Yesterday, Canadian Minister of Transport, Infrastructure and Communities Denis Lebel and Minister of Agriculture and Agri-Food Gerry Ritz announced the introduction of the Fair Rail Freight Service Act, which proposes to provide rail shippers the right to craft a service agreement with railroads and create an arbitration process to establish an agreement between the parties when commercial negotiations fail.
The new process would create a strong incentive for shippers and railroads to work together to negotiate service agreements commercially, Lebel and Ritz said in a joint statement. If negotiations aren't successful, "shippers will be able to trigger a fast and efficient arbitration process with the Canadian Transportation Agency," they said.
An arbitrator would have a mandate to establish rail service terms and conditions based on a shipper's needs and a railroad's requirement to provide adequate and suitable service to all other customers, Lebel and Ritz said.
The Fair Rail Freight Service Act would establish enforcement mechanisms to hold railroads accountable for obligations imposed by an arbitrator. An administrative monetary penalty of up to $100,000 could be issued by the Canadian Transportation Agency for each violation of an arbitrated service-level agreement, in addition to other existing remedies, Lebel and Ritz said.
The legislation fulfills a key commitment following recommendations made by the Rail Freight Service Review Panel last year, they said. A report issued by the panel — which was formed as a result of a Rail Freight Service Review launched in 2008 — encouraged the use of bilateral service agreements between shippers and railroads as "an effective way of bringing more clarity, predictability and reliability to rail service," Lebel and Ritz said.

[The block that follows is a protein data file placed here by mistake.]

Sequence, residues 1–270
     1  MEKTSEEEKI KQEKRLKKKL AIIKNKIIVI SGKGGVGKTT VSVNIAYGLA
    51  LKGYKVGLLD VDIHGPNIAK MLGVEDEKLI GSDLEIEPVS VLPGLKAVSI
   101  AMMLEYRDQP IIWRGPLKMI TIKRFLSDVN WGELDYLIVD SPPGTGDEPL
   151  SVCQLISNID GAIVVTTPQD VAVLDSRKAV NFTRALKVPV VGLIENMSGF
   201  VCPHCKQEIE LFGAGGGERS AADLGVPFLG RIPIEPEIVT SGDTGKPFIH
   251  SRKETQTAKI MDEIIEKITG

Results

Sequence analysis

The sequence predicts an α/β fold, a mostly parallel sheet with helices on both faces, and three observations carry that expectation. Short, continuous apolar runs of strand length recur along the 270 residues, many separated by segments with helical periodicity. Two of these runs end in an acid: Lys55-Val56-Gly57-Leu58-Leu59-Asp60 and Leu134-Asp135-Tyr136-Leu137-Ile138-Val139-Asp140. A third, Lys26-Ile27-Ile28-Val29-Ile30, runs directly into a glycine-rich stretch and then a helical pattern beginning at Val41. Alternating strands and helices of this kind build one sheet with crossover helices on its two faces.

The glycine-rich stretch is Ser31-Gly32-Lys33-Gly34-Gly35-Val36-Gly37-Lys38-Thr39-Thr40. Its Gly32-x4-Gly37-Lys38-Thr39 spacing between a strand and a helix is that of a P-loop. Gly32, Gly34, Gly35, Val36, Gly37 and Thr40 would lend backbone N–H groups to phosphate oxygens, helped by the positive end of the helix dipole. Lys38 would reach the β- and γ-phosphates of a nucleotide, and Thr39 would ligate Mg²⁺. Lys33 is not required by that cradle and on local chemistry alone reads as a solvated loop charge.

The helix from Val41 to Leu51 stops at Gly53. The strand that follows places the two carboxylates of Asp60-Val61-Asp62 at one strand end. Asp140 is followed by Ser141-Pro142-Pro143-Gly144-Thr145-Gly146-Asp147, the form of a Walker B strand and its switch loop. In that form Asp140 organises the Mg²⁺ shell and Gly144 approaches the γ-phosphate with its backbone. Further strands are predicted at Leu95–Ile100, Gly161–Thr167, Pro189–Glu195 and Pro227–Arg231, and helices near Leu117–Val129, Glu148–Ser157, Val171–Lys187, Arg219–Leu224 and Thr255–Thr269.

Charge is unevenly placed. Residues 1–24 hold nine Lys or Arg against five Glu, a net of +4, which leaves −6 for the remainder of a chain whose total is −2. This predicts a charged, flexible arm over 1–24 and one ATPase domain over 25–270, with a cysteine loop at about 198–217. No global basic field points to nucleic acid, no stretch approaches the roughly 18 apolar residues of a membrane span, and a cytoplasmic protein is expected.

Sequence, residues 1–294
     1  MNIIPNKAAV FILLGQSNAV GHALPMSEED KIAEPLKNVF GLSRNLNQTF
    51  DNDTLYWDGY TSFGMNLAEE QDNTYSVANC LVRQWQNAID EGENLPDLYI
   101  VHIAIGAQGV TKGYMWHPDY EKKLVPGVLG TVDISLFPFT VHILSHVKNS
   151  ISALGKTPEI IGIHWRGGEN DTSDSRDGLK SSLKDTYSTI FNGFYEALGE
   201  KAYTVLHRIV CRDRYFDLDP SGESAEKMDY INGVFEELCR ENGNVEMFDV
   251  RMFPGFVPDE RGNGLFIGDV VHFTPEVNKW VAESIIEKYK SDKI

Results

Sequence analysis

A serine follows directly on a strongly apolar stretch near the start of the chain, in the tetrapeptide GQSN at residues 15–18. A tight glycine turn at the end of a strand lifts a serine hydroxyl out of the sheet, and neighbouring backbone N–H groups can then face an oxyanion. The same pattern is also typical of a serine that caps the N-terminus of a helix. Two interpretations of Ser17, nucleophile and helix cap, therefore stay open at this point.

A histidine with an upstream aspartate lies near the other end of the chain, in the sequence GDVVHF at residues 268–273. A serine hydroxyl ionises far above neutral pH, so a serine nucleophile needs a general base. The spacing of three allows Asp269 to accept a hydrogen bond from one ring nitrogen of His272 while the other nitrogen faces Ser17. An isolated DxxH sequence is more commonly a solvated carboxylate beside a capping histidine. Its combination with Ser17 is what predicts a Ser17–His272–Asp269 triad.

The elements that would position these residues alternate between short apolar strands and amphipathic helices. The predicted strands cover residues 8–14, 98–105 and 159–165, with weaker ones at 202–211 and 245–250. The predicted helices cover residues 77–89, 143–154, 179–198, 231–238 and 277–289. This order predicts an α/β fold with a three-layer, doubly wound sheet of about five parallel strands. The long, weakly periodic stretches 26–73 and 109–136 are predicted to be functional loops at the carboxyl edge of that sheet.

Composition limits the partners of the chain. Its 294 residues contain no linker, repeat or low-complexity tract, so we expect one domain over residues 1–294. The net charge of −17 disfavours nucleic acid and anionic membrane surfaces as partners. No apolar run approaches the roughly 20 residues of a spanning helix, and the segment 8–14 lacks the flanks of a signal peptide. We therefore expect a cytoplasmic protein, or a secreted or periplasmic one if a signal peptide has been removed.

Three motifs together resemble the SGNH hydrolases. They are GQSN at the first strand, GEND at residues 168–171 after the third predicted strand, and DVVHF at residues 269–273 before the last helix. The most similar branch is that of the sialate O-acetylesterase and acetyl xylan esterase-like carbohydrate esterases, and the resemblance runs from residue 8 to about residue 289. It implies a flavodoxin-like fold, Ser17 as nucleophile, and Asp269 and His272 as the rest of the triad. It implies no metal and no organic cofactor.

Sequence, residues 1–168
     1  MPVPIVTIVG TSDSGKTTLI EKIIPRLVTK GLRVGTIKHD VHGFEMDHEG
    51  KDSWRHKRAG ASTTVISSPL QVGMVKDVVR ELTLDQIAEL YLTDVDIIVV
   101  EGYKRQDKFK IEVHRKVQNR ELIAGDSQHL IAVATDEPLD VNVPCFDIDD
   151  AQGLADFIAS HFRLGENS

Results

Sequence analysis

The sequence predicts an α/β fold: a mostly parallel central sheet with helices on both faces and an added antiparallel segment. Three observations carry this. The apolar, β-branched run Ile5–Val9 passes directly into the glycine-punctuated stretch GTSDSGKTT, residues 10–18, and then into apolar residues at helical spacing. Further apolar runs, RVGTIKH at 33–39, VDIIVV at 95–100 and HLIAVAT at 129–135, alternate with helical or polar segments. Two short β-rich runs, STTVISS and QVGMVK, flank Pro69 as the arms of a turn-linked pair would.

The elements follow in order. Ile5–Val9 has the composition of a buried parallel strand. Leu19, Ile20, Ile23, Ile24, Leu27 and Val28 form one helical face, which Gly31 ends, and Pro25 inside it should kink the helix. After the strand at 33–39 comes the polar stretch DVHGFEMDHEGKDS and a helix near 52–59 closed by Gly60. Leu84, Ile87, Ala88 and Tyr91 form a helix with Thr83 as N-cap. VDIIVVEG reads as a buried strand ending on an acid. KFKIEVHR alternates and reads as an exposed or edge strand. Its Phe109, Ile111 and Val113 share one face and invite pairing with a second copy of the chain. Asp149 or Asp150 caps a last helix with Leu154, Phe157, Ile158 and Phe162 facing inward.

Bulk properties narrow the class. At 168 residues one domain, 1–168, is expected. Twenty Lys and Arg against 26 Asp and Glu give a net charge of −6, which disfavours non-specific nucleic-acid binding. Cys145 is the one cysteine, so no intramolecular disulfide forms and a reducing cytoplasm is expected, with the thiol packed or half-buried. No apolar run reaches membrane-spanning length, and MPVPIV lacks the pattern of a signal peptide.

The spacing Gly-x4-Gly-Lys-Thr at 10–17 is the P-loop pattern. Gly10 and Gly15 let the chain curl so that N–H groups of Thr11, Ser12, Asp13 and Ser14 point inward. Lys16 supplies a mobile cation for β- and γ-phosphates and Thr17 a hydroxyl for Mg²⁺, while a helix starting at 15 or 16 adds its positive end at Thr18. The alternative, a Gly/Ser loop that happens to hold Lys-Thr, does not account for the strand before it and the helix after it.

"This bill will help shippers maintain and grow their businesses while ensuring that railways can manage an efficient shipping network for everyone," said Lebel.
However, the legislation would place innovation and supply chain collaboration at risk, and result in potentially unintended consequences for the rail industry and rail shippers, said CN President and Chief Executive Officer Claude Mongeau in a prepared statement. Putting aside normal operational and commercial issues, there is no evidence of systemic rail service performance problems in Canada warranting the federal government's introduction of legislation to impose level-of-service obligations on railroads through increased regulation, he said.
"In recent years, CN has launched a comprehensive series of commercial initiatives that benefit our supply chain partners and the Canadian economy. CN is committed to helping its customers be more competitive in markets at home and abroad through better service and a relentless focus on continuous improvement," said Mongeau. "This is why I am troubled by the government's decision to introduce service legislation that is inconsistent with the facts underscoring improved rail service, as well as the government's stated agenda of innovation and productivity to foster economic prosperity for Canadians. I also believe the legislation sends mixed signals to customers and suppliers around the world about the government's approach to commercial markets in Canada."
CN invites the government to identify specific, systemic service issues that warrant the legislation, he said.
"We are ready to address any legitimate problems brought to our attention. We will continue to make our case that a commercial framework for the rail industry is what Canada needs to foster prosperity," said Mongeau.
Throughout the rail service review process, Canadian Pacific also has maintained there is no need for additional regulation between railroads and shippers, said CP President and CEO E. Hunter Harrison in a prepared statement. Commercial undertakings, coupled with a stable regulatory regime, remain the best approach to promote supply chain coordination and investment, he believes.
"CP has been implementing various commercial agreements that were included in the [review panel] report's recommendations, including a service agreement template and a commercial dispute resolution process," said Harrison. "As such, we are confident strong commercial relationships will continue to emerge with little need for the processes described in the legislation."
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